In the coming weeks, the Senate will vote on whether the United States should ratify the Chemical Weapons Convention (CWC), an international agreement that bans chemical weapons and mandates the destruction of all existing chemical weapons stocks. As the Senate considers this issue, two facts ought to frame the debate. First, the United States will eliminate its own chemical weapons capability whether or not it ratifies the CWC. Second, the CWC will enter into force whether or not the United States ratifies it.
These two facts make the question facing the Senate a relatively narrow and straightforward one: Are U.S. national interests better served if we ratify and become party to the CWC, or if we remain outside the international regime that outlaws chemical weapons?
We have already voted to take ourselves out of the chemical weapons business. Under a 1985 law signed by President Reagan, the United States will destroy its existing chemical weapons stockpile (much of which is nearly 50 years old, and most of which is in danger of leaking or is otherwise unusable) by 2004. In the face of repeated refusals by Congress to provide the funds, plans to modernize our chemical weapons also were abandoned in 1991. The net result is that, in a few years, we will have completed the unilateral dismantling of our chemical weapons capabilities. By outlawing chemical weapons, the CWC helps put other nations in the same position we already have put ourselves.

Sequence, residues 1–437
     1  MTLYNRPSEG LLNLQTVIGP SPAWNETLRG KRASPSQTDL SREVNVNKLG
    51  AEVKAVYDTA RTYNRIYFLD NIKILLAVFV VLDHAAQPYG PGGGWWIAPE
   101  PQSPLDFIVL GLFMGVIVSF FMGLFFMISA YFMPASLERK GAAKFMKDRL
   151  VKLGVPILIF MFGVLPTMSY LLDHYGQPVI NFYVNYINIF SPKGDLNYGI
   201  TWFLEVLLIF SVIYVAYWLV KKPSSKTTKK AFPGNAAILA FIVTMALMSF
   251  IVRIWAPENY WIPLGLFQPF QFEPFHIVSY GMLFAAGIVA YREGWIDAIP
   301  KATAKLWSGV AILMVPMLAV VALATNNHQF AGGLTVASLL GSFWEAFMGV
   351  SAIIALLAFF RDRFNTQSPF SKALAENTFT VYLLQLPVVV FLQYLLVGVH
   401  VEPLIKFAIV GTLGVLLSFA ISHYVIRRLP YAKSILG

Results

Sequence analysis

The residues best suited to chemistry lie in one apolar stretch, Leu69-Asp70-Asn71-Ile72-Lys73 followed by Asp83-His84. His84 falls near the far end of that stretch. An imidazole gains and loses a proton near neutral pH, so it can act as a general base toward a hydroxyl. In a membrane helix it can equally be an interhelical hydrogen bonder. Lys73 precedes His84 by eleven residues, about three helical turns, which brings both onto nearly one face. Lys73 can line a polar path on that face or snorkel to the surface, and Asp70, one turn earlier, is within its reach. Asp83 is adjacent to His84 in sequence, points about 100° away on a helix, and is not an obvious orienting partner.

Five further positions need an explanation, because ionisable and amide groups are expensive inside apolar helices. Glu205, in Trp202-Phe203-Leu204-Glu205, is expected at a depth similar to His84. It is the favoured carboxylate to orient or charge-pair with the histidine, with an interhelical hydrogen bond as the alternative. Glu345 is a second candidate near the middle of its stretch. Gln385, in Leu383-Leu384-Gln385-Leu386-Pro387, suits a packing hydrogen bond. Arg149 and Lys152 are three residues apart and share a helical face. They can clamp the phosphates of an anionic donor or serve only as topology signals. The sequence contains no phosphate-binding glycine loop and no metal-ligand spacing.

Moreover, with or without us, the CWC -- which has been ratified by more than 65 countries, including virtually all of our friends and allies -- will enter into force on April 29. Refusal by the Senate to ratify the treaty, or the addition of "killer amendments" to the resolution of ratification, will block U.S. participation but will not stop the CWC. However, rejecting a treaty of which we were the primary architects and instead lining up with pariah states such as Libya, Iran and North Korea would do real damage to America's international leadership, credibility, and interests:
By remaining outside the CWC, we let these rogue states off the hook by making it easier for them to ignore pressures to abandon the chemical weapons option. Perhaps more to the point, it gives Russia -- which has the world's largest stock of chemical weapons -- an easy excuse to delay further its own accession to the CWC. In all these cases, we undermine the effectiveness of the CWC to do unto others what we already have decided to do for ourselves: get out of the chemical weapons business.
If we remain outside the CWC, our own chemical industry will pay a price. The CWC prohibits its signatories from trading in certain categories of chemicals with companies in countries that remain non-members. These provisions could put the American chemical industry at a competitive disadvantage, not least by significantly complicating transactions between U.S. chemical manufacturers and their offshore facilities and subsidiaries. That is one reason why the industry supports CWC ratification.